The ‘3 + 1’ Map has three physical components, the Breathing Management System, Vibrating Source, and the Resonating System. Now we are going to look at what drives and coordinates those three components, the ‘+ 1’ feature.
‘+ 1’. INNER LIFE – THINKING & FEELING
Thoughts and feelings determine how our voice sounds. We know from the sound of a person’s voice whether they are happy, sad, anxious, angry, puzzled, and so on. And as communicators and artists we depend on the fact that our ideas and emotions will influence the sound of our voice. And then our voice will, we hope, influence the minds and hearts of our listeners. As vocal technicians and performers, singers must master the ‘Inner Game’, the mind-body connection: imagination, emotion, intention, how we relate to ourselves and listeners, developing presence, handling distractions and nerves. Technical know-how is not enough; full vocal functionality requires emotional openness and a relaxed maturity. Later on, we will look more closely at the mind-muscle connection in singing.
How we think and feel affects not only the muscles involved in singing and what we express through singing. Our mindset also affects how we learn, and can make or break learning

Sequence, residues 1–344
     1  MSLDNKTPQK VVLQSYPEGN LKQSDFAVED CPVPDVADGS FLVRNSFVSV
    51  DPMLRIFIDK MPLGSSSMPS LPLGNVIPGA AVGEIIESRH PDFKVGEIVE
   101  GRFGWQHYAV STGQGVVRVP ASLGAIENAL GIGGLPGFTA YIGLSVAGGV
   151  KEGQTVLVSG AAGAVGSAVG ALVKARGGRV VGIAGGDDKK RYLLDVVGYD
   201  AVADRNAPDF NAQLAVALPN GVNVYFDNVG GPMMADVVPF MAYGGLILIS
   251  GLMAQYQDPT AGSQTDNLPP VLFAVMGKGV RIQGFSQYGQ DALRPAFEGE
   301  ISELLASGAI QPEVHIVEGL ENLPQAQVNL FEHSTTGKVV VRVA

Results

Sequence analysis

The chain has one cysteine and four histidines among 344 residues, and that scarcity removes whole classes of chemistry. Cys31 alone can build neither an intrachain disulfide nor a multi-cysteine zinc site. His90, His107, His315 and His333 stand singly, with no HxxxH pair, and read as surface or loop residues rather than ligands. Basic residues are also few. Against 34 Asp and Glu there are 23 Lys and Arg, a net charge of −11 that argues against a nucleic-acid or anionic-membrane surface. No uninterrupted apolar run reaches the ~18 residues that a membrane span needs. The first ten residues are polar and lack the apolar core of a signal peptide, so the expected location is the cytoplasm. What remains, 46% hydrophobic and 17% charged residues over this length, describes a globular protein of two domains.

Using the ‘3 + 1’ Map
In vocal training, anything we do must relate to one of these four elements. It is tempting to ask, ‘… but what about high notes, vibrato, belting, singing with a microphone, voice strain, interpretation, confidence in performance?’ and so on. But that would be trying to run before we can walk. A simple map like this can help ground the work, and re-focus us towards a more systematic approach to developing reliable technique. We have to be prepared to work on each of these four elements if we are to make any real progress in our vocal development.
The ‘3 +1’ Map consists of:
- The Breathing Management System
- Vibrating Source
- The Resonating System
- The Inner Life – Thinking and Feeling
(This essay comes from my article ‘“I know where I’m going”, but does my student? Using cognitive maps in singing lessons’, first published in ‘Singing’ – the Journal of The Association of Teachers of Singing (UK), Issue 63, Autumn 2012, pp.10-12)